“Yes, because then it would have the widest possible exposure in the agent community. Any member could find your property. In the trade, all those other agents are called ‘co-brokes’ and we very often do sell each other’s listings when we match up the buyer’s desired search criteria. You can see from any MLS data sheet the large number of variables available for searching. And now of course, with all the bells and whistles available, there are multiple photos, maps, and even a dashboard, if you want.”

“And I can see all this too, but only if you send it to me?”

“Well, as I said, you could see some of the listings themselves, elsewhere. I can provide you additional information about those listings and others you might miss out seeing. More importantly, we have additional tools to use to interpret the data we see. Some information is private to members.”

“And that’s why it’s helpful to have a knowledgeable Realtor, I suppose.”

“Bingo! When I first started in this business, MLS printed books, big like old catalogs, with about five listings per page, each with only one exterior black and white photo and a very brief property description. Updated books were delivered about twice a month. It was up to the members to sort through them, page by inky page, and to build more sturdy shelves for them as they accumulated.”

R.M. pulled over in front of a rowhouse. “I don’t want you to miss seeing this townhouse style of unit. There are quite a few in this part of town. Is this something you like? Just wondering, as you mentioned a dog?”

“Oh, we’re just shopping for that, too.”

“Some people prefer to have a private entry, or be on a lower floor. It can be a long and messy ride down with a dog in an elevator.”

Maxine and Nate Benjamin, co-owners of Max and Nate's Deli

Maxine and Nate Benjamin, co-owners of Max and Nate’s Deli

Negotiating their way south along busy Farwell Ave., a street forming both an eastern boundary of East Pointe and a western boundary of the Gold Coast, Michelle noticed the sign ‘Max & Nate’s Deli’ over a restaurant window.

“What a great name for a deli. Ever been in there, R.M.? Please tell me it’s as good as it’s name sounds.”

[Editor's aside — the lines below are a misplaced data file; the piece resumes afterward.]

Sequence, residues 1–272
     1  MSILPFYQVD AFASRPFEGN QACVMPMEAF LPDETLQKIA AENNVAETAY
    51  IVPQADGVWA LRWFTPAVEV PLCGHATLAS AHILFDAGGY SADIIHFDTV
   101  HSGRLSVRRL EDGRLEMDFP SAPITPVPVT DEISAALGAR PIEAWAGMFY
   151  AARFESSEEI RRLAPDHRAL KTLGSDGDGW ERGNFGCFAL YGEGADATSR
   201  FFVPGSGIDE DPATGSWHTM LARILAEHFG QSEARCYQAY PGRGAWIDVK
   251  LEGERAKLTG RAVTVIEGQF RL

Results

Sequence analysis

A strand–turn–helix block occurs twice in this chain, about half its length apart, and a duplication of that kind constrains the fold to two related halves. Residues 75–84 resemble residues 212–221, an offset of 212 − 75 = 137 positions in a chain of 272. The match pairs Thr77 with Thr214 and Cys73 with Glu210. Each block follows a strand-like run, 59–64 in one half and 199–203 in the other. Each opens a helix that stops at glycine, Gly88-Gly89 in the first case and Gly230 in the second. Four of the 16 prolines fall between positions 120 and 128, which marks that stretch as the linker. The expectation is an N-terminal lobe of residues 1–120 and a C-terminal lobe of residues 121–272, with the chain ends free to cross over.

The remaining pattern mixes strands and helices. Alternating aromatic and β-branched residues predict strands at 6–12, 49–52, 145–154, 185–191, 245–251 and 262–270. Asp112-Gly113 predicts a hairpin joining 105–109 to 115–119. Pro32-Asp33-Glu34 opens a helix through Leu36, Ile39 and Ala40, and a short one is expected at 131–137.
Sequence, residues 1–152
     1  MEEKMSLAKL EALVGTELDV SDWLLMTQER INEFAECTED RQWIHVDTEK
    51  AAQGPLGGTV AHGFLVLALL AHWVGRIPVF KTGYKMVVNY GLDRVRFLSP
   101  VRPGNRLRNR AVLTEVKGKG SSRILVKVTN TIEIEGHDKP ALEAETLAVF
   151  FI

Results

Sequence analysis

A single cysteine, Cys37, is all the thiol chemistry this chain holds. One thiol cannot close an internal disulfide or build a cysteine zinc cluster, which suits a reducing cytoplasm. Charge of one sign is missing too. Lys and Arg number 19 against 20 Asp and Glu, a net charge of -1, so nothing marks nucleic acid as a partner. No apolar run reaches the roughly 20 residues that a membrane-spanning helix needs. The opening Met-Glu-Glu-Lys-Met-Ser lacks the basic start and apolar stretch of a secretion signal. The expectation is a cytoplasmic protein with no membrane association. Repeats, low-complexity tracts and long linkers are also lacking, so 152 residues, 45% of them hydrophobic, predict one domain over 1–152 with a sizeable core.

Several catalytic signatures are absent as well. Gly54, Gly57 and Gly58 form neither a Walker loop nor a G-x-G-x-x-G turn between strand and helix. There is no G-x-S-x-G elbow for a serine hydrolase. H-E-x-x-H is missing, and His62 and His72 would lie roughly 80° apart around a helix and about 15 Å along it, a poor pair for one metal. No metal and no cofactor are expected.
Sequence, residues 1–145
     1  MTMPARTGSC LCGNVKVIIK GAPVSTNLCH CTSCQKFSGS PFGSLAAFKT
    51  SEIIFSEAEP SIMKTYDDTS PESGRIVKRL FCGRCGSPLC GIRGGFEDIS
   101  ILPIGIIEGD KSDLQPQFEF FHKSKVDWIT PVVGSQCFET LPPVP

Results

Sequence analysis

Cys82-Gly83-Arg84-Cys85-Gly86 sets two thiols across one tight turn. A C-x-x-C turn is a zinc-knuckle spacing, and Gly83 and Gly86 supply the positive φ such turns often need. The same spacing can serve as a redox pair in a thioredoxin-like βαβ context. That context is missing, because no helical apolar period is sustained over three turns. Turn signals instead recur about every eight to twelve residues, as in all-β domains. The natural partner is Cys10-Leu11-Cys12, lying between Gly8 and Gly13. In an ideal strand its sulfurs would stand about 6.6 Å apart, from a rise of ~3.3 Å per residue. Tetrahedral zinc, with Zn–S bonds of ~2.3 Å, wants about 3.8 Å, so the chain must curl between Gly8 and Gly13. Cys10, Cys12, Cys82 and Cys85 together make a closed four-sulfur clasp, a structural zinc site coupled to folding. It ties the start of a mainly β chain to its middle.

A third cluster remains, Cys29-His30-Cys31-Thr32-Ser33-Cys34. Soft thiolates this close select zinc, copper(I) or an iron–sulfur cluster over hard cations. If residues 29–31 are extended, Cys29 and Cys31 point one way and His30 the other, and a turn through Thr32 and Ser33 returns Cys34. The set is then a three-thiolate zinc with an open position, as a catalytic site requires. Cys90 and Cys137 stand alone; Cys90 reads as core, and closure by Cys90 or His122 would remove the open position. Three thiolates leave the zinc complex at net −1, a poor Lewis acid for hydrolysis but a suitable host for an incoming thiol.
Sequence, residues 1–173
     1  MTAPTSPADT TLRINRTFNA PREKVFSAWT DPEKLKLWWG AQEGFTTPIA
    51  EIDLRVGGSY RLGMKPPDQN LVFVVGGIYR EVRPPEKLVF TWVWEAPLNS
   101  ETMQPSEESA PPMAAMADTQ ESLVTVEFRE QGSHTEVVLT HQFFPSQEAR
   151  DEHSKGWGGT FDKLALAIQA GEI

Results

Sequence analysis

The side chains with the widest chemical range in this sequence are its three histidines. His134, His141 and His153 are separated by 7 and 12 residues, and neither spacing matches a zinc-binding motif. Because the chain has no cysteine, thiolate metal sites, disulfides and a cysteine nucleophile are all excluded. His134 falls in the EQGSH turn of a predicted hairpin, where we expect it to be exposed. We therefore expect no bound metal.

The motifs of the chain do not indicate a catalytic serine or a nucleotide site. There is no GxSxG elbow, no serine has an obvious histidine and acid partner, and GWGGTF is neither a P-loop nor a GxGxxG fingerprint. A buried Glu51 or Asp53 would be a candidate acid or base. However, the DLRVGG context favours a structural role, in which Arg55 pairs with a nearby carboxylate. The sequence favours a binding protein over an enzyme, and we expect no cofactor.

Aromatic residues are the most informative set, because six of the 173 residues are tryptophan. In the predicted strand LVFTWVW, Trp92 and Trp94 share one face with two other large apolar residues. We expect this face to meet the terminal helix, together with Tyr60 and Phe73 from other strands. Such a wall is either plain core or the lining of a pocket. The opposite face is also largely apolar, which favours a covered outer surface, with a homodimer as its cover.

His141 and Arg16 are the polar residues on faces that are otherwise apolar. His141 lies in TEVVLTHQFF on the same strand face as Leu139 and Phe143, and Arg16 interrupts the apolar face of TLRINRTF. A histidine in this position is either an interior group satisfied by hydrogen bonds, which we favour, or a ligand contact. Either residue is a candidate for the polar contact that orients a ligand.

*   *   *   *   *

Inside the steamy windows, business was brisk. The deli wasn’t a very large place and was often crowded. In the kitchen, owners Nathan Benjamin and his wife Maxine were catching up together over a pile of invoices.

“Maxie, maybe we should think about getting some help with this.  If I’m concentrating on this, I can’t do that…you know how it goes,” Nate groused. “I thought with both of us here we’d have enough time for paperwork.”

“It’s not such a bad problem to have though, is it, being cursed with success? Why don’t we interview that guy in our building, remember the one who sent round the flyer, a while ago? He’s the association treasurer. How bad can he be?”

“He said he’d come to your unit to do the work. Maybe we could ask him to walk the block over here instead, to make make our life easier.”

“Deal. I’ll ask Mrs. James about him first just to see if anyone else has tried him out. By the way, I keep putting her off, too. Have you thought any more about what recipe you want to put in the association cookbook? It’s not like we don’t have any.”

“Let’s say we do something with these ends of loaves of bread we have leftover every day. The freezer is getting pretty full of them. There’s only so many croutons we can use here. There are lots of people walking by who might stop in for a tasty, carry-out snack. Something like… how about ‘Day Old Delights?’

“OK, I’ll cook something up for us, and write a recipe for her. Two birds with one loaf.”